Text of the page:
No Home Land: Theatre, Bagels, and Vancouver’s Affordability Crisis

 Sabrina Auclair, photo by Geneviève Bélanger.

Sabrina Auclair, photo by Geneviève Bélanger.

Inside a dimly lit room at CBC Studio 700, actor Sabrina Auclair makes her debut as a playwright. Her play “No Home Land” is presented by Staircase Theatre’s Movin’ On Up staged readings event. Set in a dystopian Vancouver post-housing market crash, the play follows three employees who work at Sesame Bagel, where bagels cost eighty-five dollars each or five hundred for half a dozen. The employees live at the store and are forbidden to leave. Their boss calls them periodically and serves as their only source of outside information. Choosing to run away from the store means almost certain death on the streets, where food is scarce and violence is commonplace. Auclair explains, “It’s not the reality we live in now, but more how far it could go or how bad the crisis could become. It’s almost like a cautionary tale.”

Auclair’s inspiration came from living in Vancouver as well as an encounter with her own employer. She recounts, “I had an idea to write a play about what’s happening right now with the housing crisis in Vancouver because it’s affecting me and the people I know. I also got into a fight –not a fight, an argument—with the manager of one of the places I worked at at the time when I started writing the play and it inspired this idea of the restaurant.” Initially, she submitted less than fifteen pages to Movin’ On Up. Then she “let it go, for a long time.” A few months later she found out her play had been chosen and she had two months to finish writing her first draft. In contrast to acting she says, “writing feels more vulnerable. I’m a little more self conscious about my writing than my acting.”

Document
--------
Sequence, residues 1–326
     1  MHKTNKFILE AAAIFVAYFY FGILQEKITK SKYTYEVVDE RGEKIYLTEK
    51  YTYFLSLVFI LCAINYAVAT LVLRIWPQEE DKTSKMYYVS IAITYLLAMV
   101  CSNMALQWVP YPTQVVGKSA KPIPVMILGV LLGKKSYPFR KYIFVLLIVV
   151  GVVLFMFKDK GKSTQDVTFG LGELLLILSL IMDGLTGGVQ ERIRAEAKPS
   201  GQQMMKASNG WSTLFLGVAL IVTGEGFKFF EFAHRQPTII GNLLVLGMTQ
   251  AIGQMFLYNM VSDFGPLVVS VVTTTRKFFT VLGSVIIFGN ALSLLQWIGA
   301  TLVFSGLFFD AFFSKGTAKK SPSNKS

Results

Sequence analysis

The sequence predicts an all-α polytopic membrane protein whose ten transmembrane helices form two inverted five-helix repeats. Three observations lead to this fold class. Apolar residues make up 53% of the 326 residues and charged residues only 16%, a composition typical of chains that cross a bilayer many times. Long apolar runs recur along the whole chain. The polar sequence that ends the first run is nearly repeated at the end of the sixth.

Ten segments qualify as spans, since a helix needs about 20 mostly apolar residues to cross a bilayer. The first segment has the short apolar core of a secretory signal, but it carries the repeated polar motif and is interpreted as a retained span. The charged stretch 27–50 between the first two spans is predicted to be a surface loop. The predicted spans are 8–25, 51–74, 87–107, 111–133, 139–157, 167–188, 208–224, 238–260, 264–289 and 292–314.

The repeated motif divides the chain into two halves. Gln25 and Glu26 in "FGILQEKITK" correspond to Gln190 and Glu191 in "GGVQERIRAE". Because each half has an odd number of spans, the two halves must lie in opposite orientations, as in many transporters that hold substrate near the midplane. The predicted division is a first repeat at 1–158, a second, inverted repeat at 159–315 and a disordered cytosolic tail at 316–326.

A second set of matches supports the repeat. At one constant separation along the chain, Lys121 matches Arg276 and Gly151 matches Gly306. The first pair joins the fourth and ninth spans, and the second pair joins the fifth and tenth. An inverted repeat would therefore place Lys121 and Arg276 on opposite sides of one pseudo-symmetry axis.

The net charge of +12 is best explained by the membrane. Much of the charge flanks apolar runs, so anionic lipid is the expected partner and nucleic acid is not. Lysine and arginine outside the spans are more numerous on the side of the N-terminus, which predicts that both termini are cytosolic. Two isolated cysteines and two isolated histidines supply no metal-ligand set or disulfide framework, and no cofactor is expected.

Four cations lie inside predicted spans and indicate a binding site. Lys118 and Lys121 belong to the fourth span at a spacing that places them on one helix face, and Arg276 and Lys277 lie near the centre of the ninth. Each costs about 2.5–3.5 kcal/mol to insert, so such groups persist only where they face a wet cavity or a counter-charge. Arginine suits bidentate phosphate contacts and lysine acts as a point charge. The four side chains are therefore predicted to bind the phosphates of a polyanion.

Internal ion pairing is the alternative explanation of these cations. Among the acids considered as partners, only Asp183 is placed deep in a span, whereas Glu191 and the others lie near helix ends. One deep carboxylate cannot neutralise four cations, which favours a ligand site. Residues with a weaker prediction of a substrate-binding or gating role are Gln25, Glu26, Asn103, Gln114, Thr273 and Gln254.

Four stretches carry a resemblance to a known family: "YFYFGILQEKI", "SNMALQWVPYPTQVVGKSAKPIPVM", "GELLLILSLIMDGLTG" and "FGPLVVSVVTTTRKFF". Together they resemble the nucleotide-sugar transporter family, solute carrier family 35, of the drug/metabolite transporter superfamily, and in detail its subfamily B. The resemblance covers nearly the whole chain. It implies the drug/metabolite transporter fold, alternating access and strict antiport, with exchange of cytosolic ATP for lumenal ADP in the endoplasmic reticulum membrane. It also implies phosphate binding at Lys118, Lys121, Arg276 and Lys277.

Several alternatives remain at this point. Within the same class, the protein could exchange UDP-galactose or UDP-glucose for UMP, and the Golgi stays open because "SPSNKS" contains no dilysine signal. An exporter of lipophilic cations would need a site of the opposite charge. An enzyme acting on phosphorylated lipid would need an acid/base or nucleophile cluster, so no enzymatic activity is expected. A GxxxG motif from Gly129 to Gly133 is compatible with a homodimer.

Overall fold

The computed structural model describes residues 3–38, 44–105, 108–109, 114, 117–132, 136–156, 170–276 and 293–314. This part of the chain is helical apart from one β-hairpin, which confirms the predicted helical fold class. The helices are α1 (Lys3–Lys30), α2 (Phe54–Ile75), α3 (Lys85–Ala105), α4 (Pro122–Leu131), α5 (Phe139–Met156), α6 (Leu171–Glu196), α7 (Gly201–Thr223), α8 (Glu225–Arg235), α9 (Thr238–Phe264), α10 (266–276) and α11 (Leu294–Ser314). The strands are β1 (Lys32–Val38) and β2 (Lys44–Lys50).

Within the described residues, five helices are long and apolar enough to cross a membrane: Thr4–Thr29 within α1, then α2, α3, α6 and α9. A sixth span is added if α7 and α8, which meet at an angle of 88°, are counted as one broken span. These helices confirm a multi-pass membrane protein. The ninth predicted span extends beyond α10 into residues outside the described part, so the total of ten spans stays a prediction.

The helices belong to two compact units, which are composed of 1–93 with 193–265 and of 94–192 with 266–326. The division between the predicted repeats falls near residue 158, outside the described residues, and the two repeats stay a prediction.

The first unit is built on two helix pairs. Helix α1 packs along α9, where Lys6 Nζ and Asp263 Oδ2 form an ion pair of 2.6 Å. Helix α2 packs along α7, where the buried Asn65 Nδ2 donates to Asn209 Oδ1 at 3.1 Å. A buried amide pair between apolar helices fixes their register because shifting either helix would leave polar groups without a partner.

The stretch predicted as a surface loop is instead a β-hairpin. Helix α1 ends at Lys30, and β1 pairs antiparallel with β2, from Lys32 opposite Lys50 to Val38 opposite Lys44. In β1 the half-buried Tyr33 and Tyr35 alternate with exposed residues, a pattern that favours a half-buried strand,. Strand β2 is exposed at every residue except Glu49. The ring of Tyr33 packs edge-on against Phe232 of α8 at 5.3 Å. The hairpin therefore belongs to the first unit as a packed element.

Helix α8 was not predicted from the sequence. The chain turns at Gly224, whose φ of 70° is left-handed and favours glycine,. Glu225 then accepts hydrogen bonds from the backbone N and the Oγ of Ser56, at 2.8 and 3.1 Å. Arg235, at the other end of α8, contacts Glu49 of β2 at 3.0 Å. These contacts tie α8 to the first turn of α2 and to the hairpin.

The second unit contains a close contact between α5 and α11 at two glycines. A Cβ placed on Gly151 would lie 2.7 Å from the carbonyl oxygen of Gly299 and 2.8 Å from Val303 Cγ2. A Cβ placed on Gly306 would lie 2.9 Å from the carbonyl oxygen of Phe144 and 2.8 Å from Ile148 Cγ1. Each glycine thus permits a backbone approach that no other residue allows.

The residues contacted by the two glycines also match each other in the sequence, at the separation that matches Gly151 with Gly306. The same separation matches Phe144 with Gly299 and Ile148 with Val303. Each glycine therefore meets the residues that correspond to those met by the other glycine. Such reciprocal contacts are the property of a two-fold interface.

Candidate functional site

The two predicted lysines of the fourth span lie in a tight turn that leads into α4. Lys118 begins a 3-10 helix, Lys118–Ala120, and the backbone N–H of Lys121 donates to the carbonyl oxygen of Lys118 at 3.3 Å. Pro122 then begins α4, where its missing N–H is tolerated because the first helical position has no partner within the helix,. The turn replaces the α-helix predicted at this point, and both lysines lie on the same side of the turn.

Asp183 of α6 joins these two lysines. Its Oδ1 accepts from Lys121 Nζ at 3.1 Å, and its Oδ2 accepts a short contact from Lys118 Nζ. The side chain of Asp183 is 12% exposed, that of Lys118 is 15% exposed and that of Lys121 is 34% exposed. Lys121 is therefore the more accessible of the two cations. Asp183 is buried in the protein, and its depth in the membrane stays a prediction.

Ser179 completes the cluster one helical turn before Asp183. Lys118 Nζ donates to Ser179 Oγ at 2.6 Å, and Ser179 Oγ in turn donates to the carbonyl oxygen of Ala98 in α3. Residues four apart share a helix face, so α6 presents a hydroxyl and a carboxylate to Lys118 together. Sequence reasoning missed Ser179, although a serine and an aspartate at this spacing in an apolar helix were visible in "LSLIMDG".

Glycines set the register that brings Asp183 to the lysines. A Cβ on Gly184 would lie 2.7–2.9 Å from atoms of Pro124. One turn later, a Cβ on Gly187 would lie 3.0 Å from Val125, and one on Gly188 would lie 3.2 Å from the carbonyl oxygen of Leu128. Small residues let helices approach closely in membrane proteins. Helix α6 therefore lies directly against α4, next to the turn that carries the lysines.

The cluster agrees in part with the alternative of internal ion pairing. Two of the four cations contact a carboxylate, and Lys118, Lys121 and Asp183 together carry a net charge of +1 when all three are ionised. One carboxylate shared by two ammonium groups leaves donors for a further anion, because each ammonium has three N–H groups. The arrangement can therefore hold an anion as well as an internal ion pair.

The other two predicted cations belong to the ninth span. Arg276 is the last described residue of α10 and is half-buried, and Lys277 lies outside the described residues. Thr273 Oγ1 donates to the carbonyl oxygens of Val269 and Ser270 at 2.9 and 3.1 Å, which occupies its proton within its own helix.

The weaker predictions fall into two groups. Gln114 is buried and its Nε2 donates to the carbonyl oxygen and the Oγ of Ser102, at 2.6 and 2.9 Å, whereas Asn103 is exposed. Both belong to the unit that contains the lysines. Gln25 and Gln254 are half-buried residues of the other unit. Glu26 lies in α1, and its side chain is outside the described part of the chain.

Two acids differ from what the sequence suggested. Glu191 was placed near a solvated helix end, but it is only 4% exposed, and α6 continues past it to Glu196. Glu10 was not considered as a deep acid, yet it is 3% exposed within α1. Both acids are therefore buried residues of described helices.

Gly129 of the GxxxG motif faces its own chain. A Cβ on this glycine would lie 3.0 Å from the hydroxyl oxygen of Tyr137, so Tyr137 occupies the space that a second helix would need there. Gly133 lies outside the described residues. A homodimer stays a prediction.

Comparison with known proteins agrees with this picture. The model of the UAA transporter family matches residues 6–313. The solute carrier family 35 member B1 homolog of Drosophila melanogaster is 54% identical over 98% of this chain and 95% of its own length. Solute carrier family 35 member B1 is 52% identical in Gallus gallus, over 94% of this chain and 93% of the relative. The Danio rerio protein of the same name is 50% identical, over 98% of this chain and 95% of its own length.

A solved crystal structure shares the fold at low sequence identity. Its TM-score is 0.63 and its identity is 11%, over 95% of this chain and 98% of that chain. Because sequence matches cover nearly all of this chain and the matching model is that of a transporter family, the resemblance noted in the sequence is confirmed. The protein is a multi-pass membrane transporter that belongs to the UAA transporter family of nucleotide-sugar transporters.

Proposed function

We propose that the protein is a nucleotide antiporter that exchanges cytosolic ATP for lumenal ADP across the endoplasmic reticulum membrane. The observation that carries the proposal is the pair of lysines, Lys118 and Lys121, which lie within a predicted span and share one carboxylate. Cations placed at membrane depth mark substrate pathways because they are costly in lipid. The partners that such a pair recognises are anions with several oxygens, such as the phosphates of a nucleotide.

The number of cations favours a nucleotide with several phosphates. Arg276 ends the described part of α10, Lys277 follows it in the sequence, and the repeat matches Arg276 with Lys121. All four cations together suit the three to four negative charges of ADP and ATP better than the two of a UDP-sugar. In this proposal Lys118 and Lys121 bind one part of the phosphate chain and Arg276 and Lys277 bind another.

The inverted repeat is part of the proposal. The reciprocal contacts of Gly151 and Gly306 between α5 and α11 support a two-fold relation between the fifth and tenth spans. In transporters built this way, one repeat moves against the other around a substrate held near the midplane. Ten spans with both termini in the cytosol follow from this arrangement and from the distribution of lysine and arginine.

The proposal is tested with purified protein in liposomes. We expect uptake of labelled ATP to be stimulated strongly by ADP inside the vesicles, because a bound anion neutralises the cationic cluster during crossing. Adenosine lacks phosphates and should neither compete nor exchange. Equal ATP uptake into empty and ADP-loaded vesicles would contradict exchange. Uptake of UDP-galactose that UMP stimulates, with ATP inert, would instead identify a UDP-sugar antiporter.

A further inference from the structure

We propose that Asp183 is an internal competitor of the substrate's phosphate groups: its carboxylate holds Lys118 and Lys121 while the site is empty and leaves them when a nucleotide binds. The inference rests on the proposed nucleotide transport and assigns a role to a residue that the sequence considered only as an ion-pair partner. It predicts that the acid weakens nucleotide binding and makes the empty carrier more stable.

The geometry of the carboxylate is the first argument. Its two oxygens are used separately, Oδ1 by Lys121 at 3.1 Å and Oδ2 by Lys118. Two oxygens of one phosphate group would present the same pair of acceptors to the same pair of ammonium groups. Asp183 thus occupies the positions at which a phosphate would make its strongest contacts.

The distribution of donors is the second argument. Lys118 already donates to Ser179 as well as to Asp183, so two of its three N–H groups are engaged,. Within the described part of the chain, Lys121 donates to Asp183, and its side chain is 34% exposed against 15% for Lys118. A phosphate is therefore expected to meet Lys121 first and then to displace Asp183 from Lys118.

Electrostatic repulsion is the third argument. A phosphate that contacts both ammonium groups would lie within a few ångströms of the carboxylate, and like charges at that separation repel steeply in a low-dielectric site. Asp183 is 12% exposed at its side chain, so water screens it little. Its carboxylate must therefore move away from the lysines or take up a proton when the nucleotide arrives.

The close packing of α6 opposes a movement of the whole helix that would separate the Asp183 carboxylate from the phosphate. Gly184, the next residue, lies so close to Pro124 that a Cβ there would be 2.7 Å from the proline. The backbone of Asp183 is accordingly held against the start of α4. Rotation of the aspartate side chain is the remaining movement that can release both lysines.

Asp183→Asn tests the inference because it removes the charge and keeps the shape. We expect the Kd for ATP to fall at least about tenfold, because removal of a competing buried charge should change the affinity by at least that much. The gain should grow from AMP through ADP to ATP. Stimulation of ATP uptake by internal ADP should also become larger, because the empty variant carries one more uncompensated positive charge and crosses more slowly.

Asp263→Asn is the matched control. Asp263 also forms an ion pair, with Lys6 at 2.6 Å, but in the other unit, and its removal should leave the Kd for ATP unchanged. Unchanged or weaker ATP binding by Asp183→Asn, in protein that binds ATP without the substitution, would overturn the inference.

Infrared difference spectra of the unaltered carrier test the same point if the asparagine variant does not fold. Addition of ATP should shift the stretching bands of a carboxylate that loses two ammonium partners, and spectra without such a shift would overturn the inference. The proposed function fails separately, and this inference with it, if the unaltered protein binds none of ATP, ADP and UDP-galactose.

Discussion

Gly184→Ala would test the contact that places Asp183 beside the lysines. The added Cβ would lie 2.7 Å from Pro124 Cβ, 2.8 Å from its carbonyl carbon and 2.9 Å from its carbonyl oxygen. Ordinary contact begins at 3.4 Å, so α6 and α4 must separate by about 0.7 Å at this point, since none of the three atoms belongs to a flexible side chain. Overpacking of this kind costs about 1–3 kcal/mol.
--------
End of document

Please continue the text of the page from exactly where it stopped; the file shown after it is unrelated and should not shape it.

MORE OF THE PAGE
Auclair hopes her work provokes people to “think about the situation that’s happening right now. I feel like people complain a lot about the housing crisis in Vancouver but they don’t necessarily do anything about it. There’s a lot of talk and not a lot of action, and coming from a French-Canadian person it’s really weird for me to see that, because we’re so argumentative and we like to fight and protest. It’s such a big deal and it’s affecting people so much, but people don’t really do too much about it, so I hope it’s going to bring up questions and open up a conversation.

It’s affecting everyone—old, young, rich, poor—and it’s going to change Vancouver if nothing is done. It’s important for a city to have diversity of income because you need artists and you need all sorts of people in a city to make it work. That’s what makes it beautiful, and you can’t have a city with only millionaires in it. It just doesn’t work and it’s really sad.”

The ending of “No Home Land” is startlingly bleak. It leaves you with a lot to think about in terms of Vancouver’s affordability, accessibility, and diversity, which is exactly what Auclair intended.